However, what pose a more severe threat or "high breach" are the coordinated and covert efforts targeted at disrupting democratic processes in a country. Deliberate online falsehoods as part of a disinformation campaign have wreaked havoc on domestic politics and allegedly influenced referendum and election outcomes in other countries. Recently, the US Justice Department charged 13 Russians and three Russian firms with using stolen identities to pose as Americans, and with creating Facebook groups to distribute divisive content to subvert the 2016 US presidential election.


"High breach" deliberate online falsehoods also disrupt social and national stability by exploiting the pain points of a society, as seen in France and Indonesia. Thus, any use of legislation should focus on targeting such "high breach" deliberate online falsehoods.




Second, the evolving and amoebic nature of cyberspace makes it difficult and impractical to come up with a precise legal definition for deliberate online falsehoods that will stand the test of time. Thus, we propose a "5Cs" framework to help determine what online falsehoods warrant regulatory intervention and whom to act against.


The first "C" is Content: An important question to ask is if the content is verifiably false. Falsehoods should be distinguished from opinion.


The second "C" is Context: The content of an online falsehood should be considered within a country's political, economic and social milieu. Despite rapid changes in the online space, Singapore's approach to regulating speech in general has always focused on protecting racial and religious harmony among its population and maintaining public order and security. Moving forward, one possible approach is to focus on deliberate online falsehoods that pose a threat to these pillars that Singapore has always upheld.


The third "C" is Communicator's Identity. Our research found that there are different types of perpetrators. They include members of the public, corporations, domestic political agents and foreign state actors. Some actors could also be part of a larger network (for example, accounts linked to a foreign Internet troll factory).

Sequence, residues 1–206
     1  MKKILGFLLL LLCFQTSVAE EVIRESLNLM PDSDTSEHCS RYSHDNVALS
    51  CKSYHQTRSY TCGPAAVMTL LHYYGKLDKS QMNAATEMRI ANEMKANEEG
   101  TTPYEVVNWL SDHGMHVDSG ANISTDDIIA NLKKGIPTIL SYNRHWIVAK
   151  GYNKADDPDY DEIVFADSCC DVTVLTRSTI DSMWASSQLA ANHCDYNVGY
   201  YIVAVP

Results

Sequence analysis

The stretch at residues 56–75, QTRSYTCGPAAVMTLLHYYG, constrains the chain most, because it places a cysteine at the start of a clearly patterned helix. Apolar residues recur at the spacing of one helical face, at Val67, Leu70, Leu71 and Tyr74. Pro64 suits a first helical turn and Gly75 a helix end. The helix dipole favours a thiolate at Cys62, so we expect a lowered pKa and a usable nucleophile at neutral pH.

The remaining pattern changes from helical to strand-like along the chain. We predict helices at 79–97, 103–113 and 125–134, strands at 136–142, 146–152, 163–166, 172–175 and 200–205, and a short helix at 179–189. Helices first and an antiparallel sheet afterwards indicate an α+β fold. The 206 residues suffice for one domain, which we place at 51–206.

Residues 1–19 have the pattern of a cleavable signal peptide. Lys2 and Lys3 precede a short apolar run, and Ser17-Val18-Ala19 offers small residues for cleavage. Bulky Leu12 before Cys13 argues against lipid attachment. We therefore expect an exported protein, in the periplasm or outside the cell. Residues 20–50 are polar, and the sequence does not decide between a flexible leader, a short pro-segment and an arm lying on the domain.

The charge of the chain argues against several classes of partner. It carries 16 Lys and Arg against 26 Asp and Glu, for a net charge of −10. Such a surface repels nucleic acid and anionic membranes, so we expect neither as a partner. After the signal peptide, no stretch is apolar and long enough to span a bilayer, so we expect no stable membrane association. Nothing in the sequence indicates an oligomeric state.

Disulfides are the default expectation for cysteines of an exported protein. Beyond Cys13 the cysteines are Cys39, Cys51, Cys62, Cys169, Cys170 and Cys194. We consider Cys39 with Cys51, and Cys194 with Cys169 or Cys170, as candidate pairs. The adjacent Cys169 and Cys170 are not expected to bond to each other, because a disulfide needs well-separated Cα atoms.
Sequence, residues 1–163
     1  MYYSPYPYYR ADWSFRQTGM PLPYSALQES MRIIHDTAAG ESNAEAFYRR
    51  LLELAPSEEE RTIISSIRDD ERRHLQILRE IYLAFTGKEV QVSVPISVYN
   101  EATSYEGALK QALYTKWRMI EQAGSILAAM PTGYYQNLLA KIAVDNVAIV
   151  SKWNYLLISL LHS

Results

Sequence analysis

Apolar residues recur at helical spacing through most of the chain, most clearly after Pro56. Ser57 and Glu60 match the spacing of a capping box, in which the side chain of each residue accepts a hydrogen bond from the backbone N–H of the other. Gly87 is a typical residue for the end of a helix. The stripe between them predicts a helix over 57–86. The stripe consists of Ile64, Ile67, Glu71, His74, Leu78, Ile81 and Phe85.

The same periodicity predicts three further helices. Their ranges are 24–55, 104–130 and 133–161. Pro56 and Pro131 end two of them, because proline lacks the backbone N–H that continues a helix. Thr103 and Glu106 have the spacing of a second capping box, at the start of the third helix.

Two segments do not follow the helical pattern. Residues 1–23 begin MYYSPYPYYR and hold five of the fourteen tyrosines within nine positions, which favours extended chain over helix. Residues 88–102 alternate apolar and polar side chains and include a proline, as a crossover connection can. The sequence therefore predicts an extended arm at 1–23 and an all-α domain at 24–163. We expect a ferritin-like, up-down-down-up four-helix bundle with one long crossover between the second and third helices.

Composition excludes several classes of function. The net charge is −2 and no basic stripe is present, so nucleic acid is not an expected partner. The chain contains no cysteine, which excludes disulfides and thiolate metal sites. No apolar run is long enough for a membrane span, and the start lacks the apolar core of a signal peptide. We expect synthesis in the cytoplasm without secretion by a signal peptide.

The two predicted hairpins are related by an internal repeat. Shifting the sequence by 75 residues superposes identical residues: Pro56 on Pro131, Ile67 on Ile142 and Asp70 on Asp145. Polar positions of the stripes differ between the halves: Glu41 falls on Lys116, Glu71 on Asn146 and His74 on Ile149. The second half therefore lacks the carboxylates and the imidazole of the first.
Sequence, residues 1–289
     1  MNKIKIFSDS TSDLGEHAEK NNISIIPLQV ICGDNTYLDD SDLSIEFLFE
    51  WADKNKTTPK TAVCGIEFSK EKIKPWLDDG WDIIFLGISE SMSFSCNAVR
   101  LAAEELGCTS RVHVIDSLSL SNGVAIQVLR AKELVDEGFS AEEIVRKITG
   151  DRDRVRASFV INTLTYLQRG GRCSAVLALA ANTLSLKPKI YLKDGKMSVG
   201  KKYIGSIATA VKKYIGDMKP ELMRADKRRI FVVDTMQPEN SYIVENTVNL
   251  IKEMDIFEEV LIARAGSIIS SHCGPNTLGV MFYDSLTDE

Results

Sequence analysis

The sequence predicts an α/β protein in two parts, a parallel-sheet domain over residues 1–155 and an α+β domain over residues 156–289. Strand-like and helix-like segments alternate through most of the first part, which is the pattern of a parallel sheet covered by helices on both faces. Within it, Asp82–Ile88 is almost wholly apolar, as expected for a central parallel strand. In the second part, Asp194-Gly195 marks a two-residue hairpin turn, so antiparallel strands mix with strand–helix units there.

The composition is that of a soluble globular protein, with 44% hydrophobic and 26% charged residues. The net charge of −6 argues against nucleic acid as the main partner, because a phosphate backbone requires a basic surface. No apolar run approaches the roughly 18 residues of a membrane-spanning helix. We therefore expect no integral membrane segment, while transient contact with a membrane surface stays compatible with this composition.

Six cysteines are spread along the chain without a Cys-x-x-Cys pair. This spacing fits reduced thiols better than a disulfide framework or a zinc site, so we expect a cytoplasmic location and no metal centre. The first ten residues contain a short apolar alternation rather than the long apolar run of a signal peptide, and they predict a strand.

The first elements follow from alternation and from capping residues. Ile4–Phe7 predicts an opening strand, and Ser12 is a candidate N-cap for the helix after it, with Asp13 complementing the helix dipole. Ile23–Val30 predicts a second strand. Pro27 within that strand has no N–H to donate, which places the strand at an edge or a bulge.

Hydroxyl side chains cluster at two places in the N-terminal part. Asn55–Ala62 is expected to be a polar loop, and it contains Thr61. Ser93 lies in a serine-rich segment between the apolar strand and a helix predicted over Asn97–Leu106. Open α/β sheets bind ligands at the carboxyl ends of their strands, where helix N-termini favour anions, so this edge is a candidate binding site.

The fourth "C" is Communicator's Intent. Looking at intent means dealing with perpetrators differently: Ordinary individuals might then be dealt with differently from networked players and foreign state actors who act from a larger insidious agenda to disrupt social stability and national security.


Different categories of potentially harmful online information serve different intents. For example, non-profit organisation First Draft identifies three types: misinformation such as parody and satire is false or inaccurate information produced or shared without the intent to deceive or harm; mal-information is information that is genuine but produced with a clear intention to cause harm; and disinformation is the deliberate creation and sharing of information known to be false with the intent to deceive or incite hostility. The earlier example of Russian manipulation of online discussion illustrates this.


Legislative intervention should focus on disinformation.


The final "C" is Consequence. The extent and magnitude of a falsehood in terms of its frequency and volume should be considered. The likelihood of harm to Singapore's social fabric and national security, including its imminence, should also be taken into account.


Deliberate online falsehoods pose severe challenges for societies, countries and global politics. The above proposed approaches will not eliminate the problem, but they help provide the necessary clarity and focus for countermeasures.


•Carol Soon, senior research fellow, and Shawn Goh, research assistant, are from the Institute of Policy Studies, National University of Singapore.


Source: The Straits Times © Singapore Press Holdings Limited. Reproduced with permission.